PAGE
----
My partner was waved over, but he didn't like the price he was shown, so he suggested his own, lower figure, and it was accepted. In other words, he and his son each got an upgrade to business class worth thousands, for pennies on the dollar. Sweet.
#4: Become an Elite Member with Help from a Hush-Hush Program
This is the old fashioned, tried-and-true method of getting an upgrade: you simply become an elite frequent flier club member.
Okay, maybe it's not so simple, unless you're in the habit of flying thousands and thousands of miles each year. But, I'm going to share a one carrier's secret on how to make the process easier.
American Airlines, which invented the miles club concept, has a little known hush-hush program you won't find on the carrier's website. It's called the "Challenge." It's a short-cut to elite status where you earn extra miles and it's especially designed for people who know they'll be flying a lot in a short amount of time.
If that's you, hook yourself up with the veteran travelers on the FlyTalk forum; they know all about the Challenge and can help you get started.
When you're ready, you must call American Airlines' AAdvantage Customer Service desk to sign up and start earning your super-status miles.
Elite miles club members are probably thinking, "Hey, what about me?"
I'll answer that. Yes, your pool of benefits is being reduced by all this tinkering by the airlines. On the other hand, the airlines are aware of this and are trying to juggle the needs and expectations of their elites. Frankly, it's no easy balancing act. But the airlines are trying.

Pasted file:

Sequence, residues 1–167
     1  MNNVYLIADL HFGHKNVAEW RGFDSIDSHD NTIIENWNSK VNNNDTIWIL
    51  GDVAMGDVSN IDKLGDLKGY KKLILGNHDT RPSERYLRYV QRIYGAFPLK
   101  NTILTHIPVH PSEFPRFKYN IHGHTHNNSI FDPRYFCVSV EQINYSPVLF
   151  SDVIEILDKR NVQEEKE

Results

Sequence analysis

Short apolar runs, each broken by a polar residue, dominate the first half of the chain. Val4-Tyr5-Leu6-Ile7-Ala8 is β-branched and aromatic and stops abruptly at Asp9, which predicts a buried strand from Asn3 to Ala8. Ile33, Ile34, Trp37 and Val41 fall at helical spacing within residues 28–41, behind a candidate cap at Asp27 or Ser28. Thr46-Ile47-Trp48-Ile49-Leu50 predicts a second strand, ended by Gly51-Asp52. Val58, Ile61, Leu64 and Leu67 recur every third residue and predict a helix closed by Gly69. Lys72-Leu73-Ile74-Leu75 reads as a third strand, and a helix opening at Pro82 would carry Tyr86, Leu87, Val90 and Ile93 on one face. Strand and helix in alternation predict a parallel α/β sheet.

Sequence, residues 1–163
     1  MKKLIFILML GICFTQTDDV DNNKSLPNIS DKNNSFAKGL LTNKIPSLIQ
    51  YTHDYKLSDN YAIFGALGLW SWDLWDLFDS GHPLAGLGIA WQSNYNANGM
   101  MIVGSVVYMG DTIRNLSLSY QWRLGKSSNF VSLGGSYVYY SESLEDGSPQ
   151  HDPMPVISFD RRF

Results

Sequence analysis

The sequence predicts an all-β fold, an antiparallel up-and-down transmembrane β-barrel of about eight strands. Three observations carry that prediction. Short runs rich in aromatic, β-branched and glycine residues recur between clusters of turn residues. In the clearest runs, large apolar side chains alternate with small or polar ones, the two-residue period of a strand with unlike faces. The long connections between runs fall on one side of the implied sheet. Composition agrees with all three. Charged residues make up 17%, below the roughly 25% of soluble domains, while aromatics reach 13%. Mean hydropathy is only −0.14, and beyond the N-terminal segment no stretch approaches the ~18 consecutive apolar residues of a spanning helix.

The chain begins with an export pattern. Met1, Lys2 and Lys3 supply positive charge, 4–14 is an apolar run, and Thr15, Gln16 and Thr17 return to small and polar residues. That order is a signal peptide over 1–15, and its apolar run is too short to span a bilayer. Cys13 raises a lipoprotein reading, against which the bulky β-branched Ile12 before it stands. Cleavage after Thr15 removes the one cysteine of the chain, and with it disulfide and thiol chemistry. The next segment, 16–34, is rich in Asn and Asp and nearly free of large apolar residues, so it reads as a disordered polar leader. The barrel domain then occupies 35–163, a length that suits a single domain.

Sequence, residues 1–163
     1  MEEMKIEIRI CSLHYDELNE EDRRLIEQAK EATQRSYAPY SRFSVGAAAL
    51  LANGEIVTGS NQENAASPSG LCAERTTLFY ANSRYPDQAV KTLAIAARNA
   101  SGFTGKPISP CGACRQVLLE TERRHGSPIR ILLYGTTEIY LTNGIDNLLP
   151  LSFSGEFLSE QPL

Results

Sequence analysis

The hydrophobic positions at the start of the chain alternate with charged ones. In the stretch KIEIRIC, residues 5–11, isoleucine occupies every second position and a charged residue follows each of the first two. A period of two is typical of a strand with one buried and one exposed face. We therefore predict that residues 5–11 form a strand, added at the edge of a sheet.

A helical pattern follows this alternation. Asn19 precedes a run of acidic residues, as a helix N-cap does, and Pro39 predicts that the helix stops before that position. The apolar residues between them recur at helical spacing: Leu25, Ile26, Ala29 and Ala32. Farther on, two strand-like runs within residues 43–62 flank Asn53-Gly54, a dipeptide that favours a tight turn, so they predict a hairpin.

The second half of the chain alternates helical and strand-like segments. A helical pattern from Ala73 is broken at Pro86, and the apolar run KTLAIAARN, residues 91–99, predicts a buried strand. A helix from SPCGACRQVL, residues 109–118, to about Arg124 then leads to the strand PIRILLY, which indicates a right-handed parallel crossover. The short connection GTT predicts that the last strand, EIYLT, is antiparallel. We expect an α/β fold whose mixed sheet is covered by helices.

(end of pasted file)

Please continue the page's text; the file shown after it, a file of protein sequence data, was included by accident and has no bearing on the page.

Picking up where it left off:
#5: Try Southwest Airlines' 'First Class'
I hear the howls of protest: "Southwest doesn't have a 'first class'!" This is technically true, but you'll never convince one of my employees who prefers to remain anonymous. "Sheesh, Rick," she told me the other day, "Do you have to give away my personal 'best tip ever'?" Well, yes, I do.
It's not really a secret. It's Southwest's EarlyBird check-in, which can be a dazzling bargain. I mean, for the price of an Alexander Hamilton --a sawbuck, a ten-spot -- you too, can be among the first to board.
My employee has done it half a dozen times and on each flight she got her choice of sitting in the very front row or anywhere else on the plane. Plus, bin space galore. No, there was no lobster and champagne, but she did get free peanuts (which is more than Spirit will give you. Yes they charge for that, just as they charge for a carry on bag).
Or save the ten bucks, and travel on a Tuesday, Wednesday or Thursday (when there are more likely to be empty seats), put a scowl on your face to make sure no one wants to sit next you, and -- voila! -- the "poor man's first class."
Either way, this is such a great deal, who knows, Paris Hilton might even "loves" it enough to try flying with us regular folks.
This work is the opinion of the columnist and does not reflect the opinion of ABC News.
Rick Seaney is one of the country's leading experts on airfare, giving interviews and analysis to news organizations that include ABC News, The New York Times, the Wall Street Journal, Reuters, the Associated Press and Bloomberg. His website, FareCompare.com, offers consumers free, new-generation software, combined with expert insider tips to find the best airline ticket deals.